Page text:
CURRICULUM VITAE ROBERT ALAN RINGEL, M.D. DEGREES HELD POSITIONS HELD Curriculum Vitae – Robert Alan Ringel, MD ACADEMIC RESPONSIBILITIES AND ENDEAVORS Director, Electroencephalography Laboratory, West Virginia University Hospitals, Inc., 1986 – 1988 CPR Committee, West Virginia University Hospitals, Inc. Neurointensive Care Unit Committee, West Virginia Univ
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Neurosurgery.knu.ac.krCopyright � The Korean Academy Inflammatory Myofibroblastic Tumor on Intercostal Nerve Presentingas Paraneoplastic Pemphigus with Fatal Pulmonary Involvement Inflammatory myofibroblastic tumors (IMTs) are benign neoplasms that can occur at different anatomic sites with nonspecific clinical symptoms. A 48-yr-old woman presented with a 2-month history of a relapsed oral ulcer, progressive dyspnea, and Department of Neurosurgery, School of Medicine, a thoracic pain induced by breathing. A tumorous mass was noticed in the right Kyungpook National University, Daegu, Korea costodiaphragmatic recess on chest computed tomography and magnetic reso-nance imaging, and the patient underwent a right costotransversectomy with exci-sion of the tumor, which originated from the 12th intercostal nerve. Histology andimmunohistochemistry showed that the tumor was an IMT of the intercostal nerve.
The patient’s postoperative course was not favorable; dyspnea persisted after sur- Received : 6 March 2006Accepted : 16 June 2006 gery, and a progressive pulmonary compromise developed. The cause of the res-piratory failure was found to be bronchiolitis obliterans, which in this case provedto be a fatal complication of paraneoplastic pemphigus associated with an IMT.
This case of IMT of the spinal nerve in the paravertebral region is unique in terms of its location and presentation in combination with paraneoplastic pemphigus, which is rare. A brief review of the heterogeneous theories concerning the patho- Department of Neurosurgery, School of Medicine, genesis, clinicopathological features, and differential diagnosis of this disease enti- Kyungpook National University, 50 Samduk-2-ga, Jung-gu, Daegu 700-721, KoreaTel : +82.53-420-5649, Fax : +82.53-423-0504 Key Words : Inflammatory Myofibroblastic Tumor; Intercostal Nerves; Paraneoplastic Pemphigus INTRODUCTION
Inflammatory myofibroblastic tumors (IMTs) are benign A 48-yr-old woman presented with a 1-month history of tumor-like lesions of unknown etiology that can occur at dif- progressive dyspnea and pleuritic pain in the right lower ferent anatomic sites and have variable non-specific clinical chest, and also a thoracic back pain of 1-month duration.
symptoms. Moreover, this variability has led to a heteroge- There was no history of trauma. She had a history of a chro- neous nomenclature. Plasma-cell granuloma, inflammatory nic relapsing oral ulcer, and had been admitted to the Depart- pseudotumor, fibrous xanthoma, histiocytoma, and mast-cell ment of Internal Medicine at our institution 3 months earli- granuloma are among the terms most frequently used as er due to a fever and multiple oral ulcers (Fig. 1A), the lat- pathomorphologic descriptions (1). The common sites of ter of which had been diagnosed as pemphigus vulgaris by this lesion are the lung (the originally described location), biopsy. However, unfortunately, several examinations failed respiratory tract, gastrointestinal tract, orbit, liver, spleen, to detect the exact origin of the fever. After discharge, she lymph nodes, heart, and brain (2, 3). Seven cases of intras- had been treated with prednisolone and azathiopurine for 3 pinal IMT have been reported (4, 5), and only five cases of IMT involving peripheral nerves have been previously des- When she was readmitted, physical examination revealed cribed (6, 7). Although imaging techniques have made evi- an oral ulcer, multiple blisters and erythematous papules on dent progress, they cannot be used for a preoperative diag- trunk skin (Fig. 1B). All laboratory tests, including WBC nosis of IMT, and only histological examinations are capable count, RBC count, erythrocyte sedimentation rate, C-reac- of identifying its inflammatory character.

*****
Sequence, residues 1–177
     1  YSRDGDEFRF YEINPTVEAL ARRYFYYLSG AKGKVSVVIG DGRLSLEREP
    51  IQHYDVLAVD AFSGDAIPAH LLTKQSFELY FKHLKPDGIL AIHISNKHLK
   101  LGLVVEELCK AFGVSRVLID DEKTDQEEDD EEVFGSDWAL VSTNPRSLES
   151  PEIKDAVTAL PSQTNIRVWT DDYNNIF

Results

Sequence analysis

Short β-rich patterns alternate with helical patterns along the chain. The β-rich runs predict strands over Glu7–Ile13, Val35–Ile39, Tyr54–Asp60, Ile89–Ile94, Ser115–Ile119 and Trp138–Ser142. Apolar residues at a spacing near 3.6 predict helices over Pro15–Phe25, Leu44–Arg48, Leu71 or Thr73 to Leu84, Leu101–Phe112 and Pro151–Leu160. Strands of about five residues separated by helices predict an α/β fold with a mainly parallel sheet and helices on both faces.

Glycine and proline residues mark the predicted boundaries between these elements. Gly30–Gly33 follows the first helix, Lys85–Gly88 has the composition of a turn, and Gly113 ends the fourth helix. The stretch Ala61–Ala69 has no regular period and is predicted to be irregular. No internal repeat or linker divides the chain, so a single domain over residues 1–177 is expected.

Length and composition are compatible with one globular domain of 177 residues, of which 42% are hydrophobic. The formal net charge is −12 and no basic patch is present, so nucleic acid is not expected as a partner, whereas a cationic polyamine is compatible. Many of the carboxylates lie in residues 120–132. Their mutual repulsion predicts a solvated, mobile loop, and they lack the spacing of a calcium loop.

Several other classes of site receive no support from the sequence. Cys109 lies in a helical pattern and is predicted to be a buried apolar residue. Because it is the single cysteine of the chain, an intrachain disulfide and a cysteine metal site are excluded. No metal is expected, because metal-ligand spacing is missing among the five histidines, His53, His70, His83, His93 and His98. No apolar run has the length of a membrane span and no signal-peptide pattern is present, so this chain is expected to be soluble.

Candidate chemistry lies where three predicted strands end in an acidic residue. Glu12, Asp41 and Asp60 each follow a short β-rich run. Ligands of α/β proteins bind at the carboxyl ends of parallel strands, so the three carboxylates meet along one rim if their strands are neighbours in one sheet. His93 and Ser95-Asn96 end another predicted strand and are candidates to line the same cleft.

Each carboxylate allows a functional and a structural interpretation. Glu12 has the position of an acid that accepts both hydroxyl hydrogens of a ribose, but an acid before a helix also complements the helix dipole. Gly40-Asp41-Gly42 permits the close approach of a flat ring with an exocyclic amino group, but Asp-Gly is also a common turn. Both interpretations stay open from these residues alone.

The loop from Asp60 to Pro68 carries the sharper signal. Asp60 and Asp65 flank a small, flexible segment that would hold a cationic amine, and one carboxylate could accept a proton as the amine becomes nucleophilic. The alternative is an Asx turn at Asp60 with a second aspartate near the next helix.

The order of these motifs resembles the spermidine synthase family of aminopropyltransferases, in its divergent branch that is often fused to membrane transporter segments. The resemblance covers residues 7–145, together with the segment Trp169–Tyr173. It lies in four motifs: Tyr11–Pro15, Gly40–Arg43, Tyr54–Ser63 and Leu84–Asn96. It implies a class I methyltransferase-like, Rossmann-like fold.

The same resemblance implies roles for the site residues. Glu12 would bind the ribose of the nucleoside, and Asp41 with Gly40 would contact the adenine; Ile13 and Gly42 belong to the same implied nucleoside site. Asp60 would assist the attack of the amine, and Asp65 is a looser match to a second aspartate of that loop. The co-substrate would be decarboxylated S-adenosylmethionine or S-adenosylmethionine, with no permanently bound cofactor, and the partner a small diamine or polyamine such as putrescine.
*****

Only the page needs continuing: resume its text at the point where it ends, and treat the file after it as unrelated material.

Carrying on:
tive protein, and hemoglobin level were normal, as well as This paper describes an IMT of the intercostal nerve, a pre- plain chest and spine radiographs. However, computed tomo- viously unreported location, in combination with paraneo- graphy (CT) with intravenous contrast visualized a clearly plastic pemphigus (PNP), in a 48-yr-old woman, and includes demarcated paraspinal mass with homogeneous enhancement a discussion of its clinicopathological features and diagnosis. in the right costodiaphragmatic recess (Fig. 2A). Magneticresonance imaging showed an extradural and paraspinal ellip- soidal mass at the T12 level extending into the spinal fora- cumscribed tumor of 5×3×4 cm3 originating from the men. Large vessels were present at the center of the mass proximal part of the 12th intercostal nerve, but not infiltrat- (Fig. 2B). In view of her progressive symptoms, she was trans- ing the nerve grossly, was found to be bulging into the right ferred to the Neurosurgery Department for further evalua- thoracic cavity. The mass was removed en-bloc with a portion tion and treatment. Under the differential diagnosis for the of the parietal pleura. No involvement of any adjacent organ mass including schwannoma, osteogenic sarcoma, chondro- (lung, diaphragm, or vertebra) was found after complete exci- sarcoma, or metastasis, we approached via costotransversec- sion. Biopsy specimens showed proliferation of a heteroge- tomy and resected it completely. Intraoperatively, a well cir- neous population of inflammatory cells, including macro- Fig. 1. (A) Erosions of the vermilion border, tongue, and buccal mucosa. (B) Multiple erythematous papules on trunk skin.